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From: "Dan'l Danehy Oakes" <DDANEHYO@us.oracle.com>
Subject: (urth) "Trenchard"
Date: 22 May 98 08:51:05 

Tony Ellis wrote:

> As for the significance of Trenchard... a trencher is, of
> course, a wooden or ceramic platter, and significantly the
> word comes from the French trenchoir. Would that make a
> trenchard some sort of serving man, a medieval plate-
> carrier? Just a thought.

_Trencheior_ or _trenchier_, actually; a medieval French verb 
now obsolete in either form.  (May come from trinicare, a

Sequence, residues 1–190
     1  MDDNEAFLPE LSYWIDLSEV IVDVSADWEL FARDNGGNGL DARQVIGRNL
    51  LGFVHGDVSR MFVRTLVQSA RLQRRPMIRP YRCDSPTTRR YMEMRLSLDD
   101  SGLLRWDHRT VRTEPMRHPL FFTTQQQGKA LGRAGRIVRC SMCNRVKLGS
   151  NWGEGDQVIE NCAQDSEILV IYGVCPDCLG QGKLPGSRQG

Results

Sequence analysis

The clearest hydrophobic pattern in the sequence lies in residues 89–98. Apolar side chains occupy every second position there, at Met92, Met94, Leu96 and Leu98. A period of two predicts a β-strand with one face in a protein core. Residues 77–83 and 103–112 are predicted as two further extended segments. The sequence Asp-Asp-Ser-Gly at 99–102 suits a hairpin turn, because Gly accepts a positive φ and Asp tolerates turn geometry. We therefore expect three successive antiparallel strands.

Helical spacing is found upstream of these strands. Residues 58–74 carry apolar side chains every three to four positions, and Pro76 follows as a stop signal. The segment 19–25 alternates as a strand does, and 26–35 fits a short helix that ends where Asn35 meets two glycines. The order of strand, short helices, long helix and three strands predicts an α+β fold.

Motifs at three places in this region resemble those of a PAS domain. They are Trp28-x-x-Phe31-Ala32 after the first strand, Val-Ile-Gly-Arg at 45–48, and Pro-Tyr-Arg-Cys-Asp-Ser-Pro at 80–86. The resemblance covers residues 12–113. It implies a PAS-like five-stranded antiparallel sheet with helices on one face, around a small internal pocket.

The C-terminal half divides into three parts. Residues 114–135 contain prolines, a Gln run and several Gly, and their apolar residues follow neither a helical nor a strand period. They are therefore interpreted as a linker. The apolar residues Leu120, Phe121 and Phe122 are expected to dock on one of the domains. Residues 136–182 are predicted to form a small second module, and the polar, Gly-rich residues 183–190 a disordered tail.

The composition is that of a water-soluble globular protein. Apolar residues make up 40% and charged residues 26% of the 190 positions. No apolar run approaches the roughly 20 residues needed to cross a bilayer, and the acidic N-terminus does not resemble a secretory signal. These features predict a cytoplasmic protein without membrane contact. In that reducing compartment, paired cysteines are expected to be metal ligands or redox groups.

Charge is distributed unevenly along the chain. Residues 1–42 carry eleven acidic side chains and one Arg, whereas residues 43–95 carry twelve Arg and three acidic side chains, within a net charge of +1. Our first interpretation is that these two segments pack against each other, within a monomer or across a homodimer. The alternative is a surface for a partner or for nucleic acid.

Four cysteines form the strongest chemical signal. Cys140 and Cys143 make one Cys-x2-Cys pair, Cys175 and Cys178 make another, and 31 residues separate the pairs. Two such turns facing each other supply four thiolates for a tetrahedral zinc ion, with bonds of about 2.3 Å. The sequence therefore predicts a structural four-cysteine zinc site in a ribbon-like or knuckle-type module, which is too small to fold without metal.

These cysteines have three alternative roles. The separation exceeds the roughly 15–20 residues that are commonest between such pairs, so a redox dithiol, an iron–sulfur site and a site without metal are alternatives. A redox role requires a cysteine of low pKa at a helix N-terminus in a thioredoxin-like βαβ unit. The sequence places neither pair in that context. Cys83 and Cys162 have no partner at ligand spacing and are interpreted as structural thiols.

later Vulgar Latin verb meaning 'to cut or divide in three,' 
but that's not attested.)  The verb meant 'to cut,' and is 
also the root for "trenchant."  

Given the -ard suffix, I would guess that "trenchard" means 
something like "person from the trench."  Not very helpful,
I know.


*More Wolfe info & archive of this list at http://www.urth.net/urth/

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